Near infrared interactance

  1. The near infrared interactance (NIR) method of assessing body composition is based on the principles of light absorption reflectance, and near infrared spectroscopy.
  2. More specifically it is based on the ability of fat tissues to "absorb" more infrared light than lean tissue which can then be measured as a change in the infrared level.
  3. The use of infrared (IR) light to measure fat was developed by the US Department of Agriculture to measure the fat contained in beef and pork carcasses after slaughter.
  4. At approximately 928 nanometers, a direct measure of how much fat exists is provided by the absorption of the infrared portion of the spectrum.

A mono-chromator or light "wand" (see Figure 1), sends a low-energy beam of near-infrared light at about 900 nanometers into the biceps area that penetrates the underlying tissue to a depth of one centimetre. The energy is either reflected, absorbed, or transmitted, depending on the scattering and absorption properties of the biceps. A detector within the wand measures the intensity of the re-emitted light. Shifts in the wavelength of the reflected beam and a prediction equation are used to compute the percent body fat.

This measure is rarely used for the assessment of body composition. Although it has good repeatability, it lacks validity in humans and its inability to accurately predict body fat across a broad range of fat levels is problematic. It assumes fat in the arm is proportional to total body fat, and research suggests that NIR may overestimate body fatness in lean people and underestimate it in people who are overweight.

The NIR data (density measurements) are entered into a prediction equation with the person's height, weight, age, gender, frame size, and level of physical activity. A digital read out including percentage body fat and lean tissue are displayed.

Figure 1 Example of Near Infrared Interactance.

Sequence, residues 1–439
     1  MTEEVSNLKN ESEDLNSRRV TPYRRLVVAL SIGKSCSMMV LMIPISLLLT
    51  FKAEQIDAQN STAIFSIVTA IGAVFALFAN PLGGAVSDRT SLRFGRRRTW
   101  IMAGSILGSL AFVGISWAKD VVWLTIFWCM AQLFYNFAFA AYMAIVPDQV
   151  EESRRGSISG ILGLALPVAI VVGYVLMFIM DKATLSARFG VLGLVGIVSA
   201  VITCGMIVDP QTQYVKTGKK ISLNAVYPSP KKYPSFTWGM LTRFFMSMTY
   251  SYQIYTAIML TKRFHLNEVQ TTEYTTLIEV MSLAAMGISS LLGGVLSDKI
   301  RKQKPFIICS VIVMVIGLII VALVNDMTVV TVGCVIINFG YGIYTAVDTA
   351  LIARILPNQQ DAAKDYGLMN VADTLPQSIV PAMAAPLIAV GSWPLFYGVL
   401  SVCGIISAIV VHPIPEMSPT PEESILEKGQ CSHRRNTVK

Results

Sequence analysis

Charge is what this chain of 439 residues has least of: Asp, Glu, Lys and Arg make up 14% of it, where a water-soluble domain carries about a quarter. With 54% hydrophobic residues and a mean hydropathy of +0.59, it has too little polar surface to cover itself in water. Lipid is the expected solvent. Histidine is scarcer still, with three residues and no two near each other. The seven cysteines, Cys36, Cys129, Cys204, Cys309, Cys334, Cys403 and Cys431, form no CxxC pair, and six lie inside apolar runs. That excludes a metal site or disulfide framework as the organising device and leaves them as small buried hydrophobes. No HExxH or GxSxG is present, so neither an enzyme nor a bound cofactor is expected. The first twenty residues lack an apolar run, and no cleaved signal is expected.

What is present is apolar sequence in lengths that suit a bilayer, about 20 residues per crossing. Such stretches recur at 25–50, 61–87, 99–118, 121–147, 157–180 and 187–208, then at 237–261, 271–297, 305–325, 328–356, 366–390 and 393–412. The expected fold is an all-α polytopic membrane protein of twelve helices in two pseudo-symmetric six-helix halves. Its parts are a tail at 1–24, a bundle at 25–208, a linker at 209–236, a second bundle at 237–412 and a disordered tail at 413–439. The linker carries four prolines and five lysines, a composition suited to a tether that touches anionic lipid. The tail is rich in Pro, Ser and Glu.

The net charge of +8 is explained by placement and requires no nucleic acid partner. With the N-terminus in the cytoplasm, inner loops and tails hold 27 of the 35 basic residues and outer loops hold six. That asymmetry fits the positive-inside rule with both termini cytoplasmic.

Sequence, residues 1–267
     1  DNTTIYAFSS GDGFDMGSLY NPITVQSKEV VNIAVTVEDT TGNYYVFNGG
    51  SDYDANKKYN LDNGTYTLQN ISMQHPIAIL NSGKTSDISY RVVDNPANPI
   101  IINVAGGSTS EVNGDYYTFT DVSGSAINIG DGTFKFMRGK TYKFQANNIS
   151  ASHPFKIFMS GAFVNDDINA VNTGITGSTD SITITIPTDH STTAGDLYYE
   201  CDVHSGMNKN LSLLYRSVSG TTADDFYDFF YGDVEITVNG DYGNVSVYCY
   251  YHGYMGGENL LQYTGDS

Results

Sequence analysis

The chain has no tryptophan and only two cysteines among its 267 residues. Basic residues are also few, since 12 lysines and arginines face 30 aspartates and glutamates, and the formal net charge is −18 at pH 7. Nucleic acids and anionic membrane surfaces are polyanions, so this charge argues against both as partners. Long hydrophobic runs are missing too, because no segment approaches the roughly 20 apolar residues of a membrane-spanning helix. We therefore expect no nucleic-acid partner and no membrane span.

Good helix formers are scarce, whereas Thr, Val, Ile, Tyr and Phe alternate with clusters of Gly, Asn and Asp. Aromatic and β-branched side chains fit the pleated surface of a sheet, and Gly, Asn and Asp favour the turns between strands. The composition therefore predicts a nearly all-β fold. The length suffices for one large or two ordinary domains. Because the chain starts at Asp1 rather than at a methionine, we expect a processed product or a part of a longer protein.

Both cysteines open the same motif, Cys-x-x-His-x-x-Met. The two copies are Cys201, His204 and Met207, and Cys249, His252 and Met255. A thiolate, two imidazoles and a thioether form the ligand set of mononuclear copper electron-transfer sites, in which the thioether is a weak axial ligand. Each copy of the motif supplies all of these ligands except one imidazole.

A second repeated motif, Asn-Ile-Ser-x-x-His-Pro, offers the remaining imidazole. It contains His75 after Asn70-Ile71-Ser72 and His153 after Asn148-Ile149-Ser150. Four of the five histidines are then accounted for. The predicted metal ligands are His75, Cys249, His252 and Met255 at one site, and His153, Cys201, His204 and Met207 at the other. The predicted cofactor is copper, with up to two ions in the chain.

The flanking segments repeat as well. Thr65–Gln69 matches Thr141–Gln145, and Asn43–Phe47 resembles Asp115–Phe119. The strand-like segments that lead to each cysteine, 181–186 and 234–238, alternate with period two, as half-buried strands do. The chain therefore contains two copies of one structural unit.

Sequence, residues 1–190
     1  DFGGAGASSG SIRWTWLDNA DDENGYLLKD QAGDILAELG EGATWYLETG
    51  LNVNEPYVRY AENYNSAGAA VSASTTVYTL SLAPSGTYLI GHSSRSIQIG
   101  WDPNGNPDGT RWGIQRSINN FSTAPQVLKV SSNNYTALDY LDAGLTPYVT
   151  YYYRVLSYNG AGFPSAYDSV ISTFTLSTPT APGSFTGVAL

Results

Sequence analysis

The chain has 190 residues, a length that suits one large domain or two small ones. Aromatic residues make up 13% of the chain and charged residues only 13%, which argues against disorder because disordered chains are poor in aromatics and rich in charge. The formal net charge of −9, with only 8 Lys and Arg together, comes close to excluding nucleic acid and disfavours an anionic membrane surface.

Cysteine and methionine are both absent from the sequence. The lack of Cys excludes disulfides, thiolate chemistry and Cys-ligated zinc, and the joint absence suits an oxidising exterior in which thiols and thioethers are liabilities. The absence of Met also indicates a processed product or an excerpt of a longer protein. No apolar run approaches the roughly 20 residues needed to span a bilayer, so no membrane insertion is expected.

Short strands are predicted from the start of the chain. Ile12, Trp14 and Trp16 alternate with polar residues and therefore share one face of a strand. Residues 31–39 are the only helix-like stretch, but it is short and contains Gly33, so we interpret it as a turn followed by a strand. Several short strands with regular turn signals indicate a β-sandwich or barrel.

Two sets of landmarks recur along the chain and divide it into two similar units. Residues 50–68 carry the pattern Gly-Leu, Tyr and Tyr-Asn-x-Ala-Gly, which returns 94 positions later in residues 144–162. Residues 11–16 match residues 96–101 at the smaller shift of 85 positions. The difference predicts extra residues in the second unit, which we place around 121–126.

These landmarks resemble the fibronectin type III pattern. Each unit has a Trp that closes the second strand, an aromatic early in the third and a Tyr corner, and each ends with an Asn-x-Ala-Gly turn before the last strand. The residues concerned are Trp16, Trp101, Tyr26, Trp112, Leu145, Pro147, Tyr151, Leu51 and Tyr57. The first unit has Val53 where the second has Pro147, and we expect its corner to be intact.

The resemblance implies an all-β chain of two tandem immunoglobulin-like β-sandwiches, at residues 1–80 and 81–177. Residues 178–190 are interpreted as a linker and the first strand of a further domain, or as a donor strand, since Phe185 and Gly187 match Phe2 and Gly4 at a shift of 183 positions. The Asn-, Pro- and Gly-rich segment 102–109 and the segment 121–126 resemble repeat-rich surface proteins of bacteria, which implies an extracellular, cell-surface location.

Source: wikiHow.

An overview of the characteristics of near infrared interactance is outlined in Table 1.


  1. NIR measurement is safe and the equipment is portable and lightweight.
  2. It requires little training to use.
  3. The tool has a high level of repeatability.


  1. The amount of pressure applied to the fiber optic probe, skin color and hydration levels may cause results to differ and be inaccurate.
  2. Some instruments have been shown to underestimated body fat by more than 4% in subjects greater than 30% fat and overestimated body fat by 4% in subjects less than 8% fat.
  3. Poor validity.

Table 1 Characteristic of near infrared interactance.

Characteristic Comment
Number of participants Small
Relative cost Low
Participant burden Low
Researcher burden of data collection Low
Researcher burden of coding and data analysis Low
Risk of reactivity bias No
Risk of recall bias No
Risk of social desirability bias No
Risk of observer bias Yes
Space required Low
Availability High
Suitability for field use High
Participant literacy required No
Cognitively demanding No

Considerations relating to the use of NIR are summarised by population in Table 2.

There are no specific population for whom NIR cannot be implemented. It is easily administered and has shown a high level of repeatability. However, there is no research to support this method of body composition assessment in some populations and in the remainder, evidence highlights its poor accuracy and validity levels when compared to other more well established techniques such as hydrostatic weighing.

Table 2 Anthropometry by near infrared interactance in different populations.

Population Comment
Pregnancy No research to support
Infancy and lactation No research to support
Toddlers and young children Not suitable *
Adolescents Not suitable *
Adults Not suitable *
Older Adults Not suitable *
Ethnic groups Not suitable *
Other (obesity) Not suitable *

*Based on poor validity.

The only known possible restriction on NIR is to avoid measurements on an extremely black tattooed location. The low energy NIR light might be totally absorbed by a very black tattoo.

Refer to section: practical considerations for objective anthropometry

  1. NIR (Futrex) Body Composition Analyser
  2. NIR (SCiO consumer physics) scanners with supporting devise requiring application with web interface

A method specific instrument library is being developed for this section. In the meantime, please refer to the overall instrument library page by clicking here to open in a new page.

The NIR (SCiO consumer physics) scanner is a new device. However, no validation work has been carried out to date to assess its use in the assessment of body composition.

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